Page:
The first thing one notices upon walking into Leon Perera's office is his handwriting.
It's so tiny, the word "tiny" doesn't cut it — a few short, neat micro-sized lines were written on a small whiteboard attached to a wall beside his desk, and even though a whiteboard marker was used to write them, they were barely legible. A glance down to an opened paper organiser (yep, he uses one) on his table reveals even smaller scribbles that one would probably become shorter-sighted trying to read.
"I think my handwriting is much worse now (than when in school)," he jokes to Mothership.sg, after relating a traumatic experience in his PSLE English composition exam where they ran out of paper and he had to cram his essay into one sheet. "I don't like writing with a pen, I prefer to type, so I think my handwriting has really gone down. But it also helps me make my notes very encrypted — people can't tell what I'm writing!"
Prior to that, we were welcomed into the nondescript offices housing the research consultancy he co-founded 16 years ago, just off Anson Road.
It's a quiet Friday morning, and the non-constituency Member of Parliament (NCMP) for East Coast GRC is dressed down — checkered short-sleeved shirt under a navy windbreaker over dark pants. After a warm "hello" and a firm handshake, he disappears to bring us glasses of water.
Dull, nerdy, introverted
His room is nothing remarkable: dark file cabinets line one wall, standard stationery clutter all around his desk. One or two small framed photographs of his young son and daughter, aged 7 and 10. On two of his walls, two small framed paintings, fairly simple-looking, almost dull, even, but intricate in their little details — but perhaps, in a big way, they mirror his personality.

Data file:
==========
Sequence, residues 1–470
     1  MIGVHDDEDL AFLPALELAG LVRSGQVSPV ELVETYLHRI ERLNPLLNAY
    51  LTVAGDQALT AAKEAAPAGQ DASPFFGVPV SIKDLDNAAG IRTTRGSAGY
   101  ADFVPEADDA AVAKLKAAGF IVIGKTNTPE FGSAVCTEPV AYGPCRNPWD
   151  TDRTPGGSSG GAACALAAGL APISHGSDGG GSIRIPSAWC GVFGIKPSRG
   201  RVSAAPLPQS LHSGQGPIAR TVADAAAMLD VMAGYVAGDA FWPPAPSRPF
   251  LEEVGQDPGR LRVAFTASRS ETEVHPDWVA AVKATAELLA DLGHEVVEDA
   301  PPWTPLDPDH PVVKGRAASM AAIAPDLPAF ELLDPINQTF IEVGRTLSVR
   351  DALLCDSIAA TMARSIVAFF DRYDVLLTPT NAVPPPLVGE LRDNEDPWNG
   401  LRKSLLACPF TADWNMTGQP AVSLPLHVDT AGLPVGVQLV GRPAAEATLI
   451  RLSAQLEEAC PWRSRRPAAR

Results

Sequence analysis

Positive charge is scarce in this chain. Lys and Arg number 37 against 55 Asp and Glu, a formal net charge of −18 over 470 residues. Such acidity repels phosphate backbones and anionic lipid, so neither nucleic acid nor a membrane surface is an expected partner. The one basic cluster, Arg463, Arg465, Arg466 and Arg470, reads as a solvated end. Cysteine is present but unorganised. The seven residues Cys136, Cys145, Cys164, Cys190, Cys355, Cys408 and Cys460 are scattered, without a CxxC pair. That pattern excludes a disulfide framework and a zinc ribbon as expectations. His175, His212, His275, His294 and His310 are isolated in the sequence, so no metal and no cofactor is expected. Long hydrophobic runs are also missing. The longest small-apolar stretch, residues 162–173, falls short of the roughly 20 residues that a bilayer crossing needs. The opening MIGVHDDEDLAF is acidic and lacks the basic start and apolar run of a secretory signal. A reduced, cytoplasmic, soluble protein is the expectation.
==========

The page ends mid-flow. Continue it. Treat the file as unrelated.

The 44-year-old admits rather unabashedly that he is quite like that — in his words, "naturally kind of bookish, and, you know, dull, introverted and a bit academic".
"If you try to project an image that is not true to who you are, people will see through that lah. People are actually very perceptive, that is human nature — especially in the political arena when you are tested in so many ways in debate and in interviews like this, the difference between what you're trying to project and what's the reality will come through and you'll be exposed as a sham. So I don't believe in trying to project something that's not what I am."
We can't deny that, especially after we noticed he didn't feel the need to dress up before being photographed for this interview (heh heh).
Diversity vs. balance
So why force himself into politics? It can't, after all, possibly be something that falls into his comfort zone.
The answer underpins his central focus as an NCMP as well: political balance.
It's not enough to have academics, public intellectuals, civil society, or even Nominated Members of Parliament, says Perera, as we find him wont to do. In fact, he adds, there is a "very important difference" between political diversity and political balance.
"(If) the opposition exists as an unviable party, or an unviable group of parties who can only be NCMPs at best, then that balancing role won't be played by anyone. And what will then gradually happen over time in Singapore is that the government will... eventually feel that it is effectively insulated from any real accountability to the electorate because when they go in to an election, there's no one who can possibly win.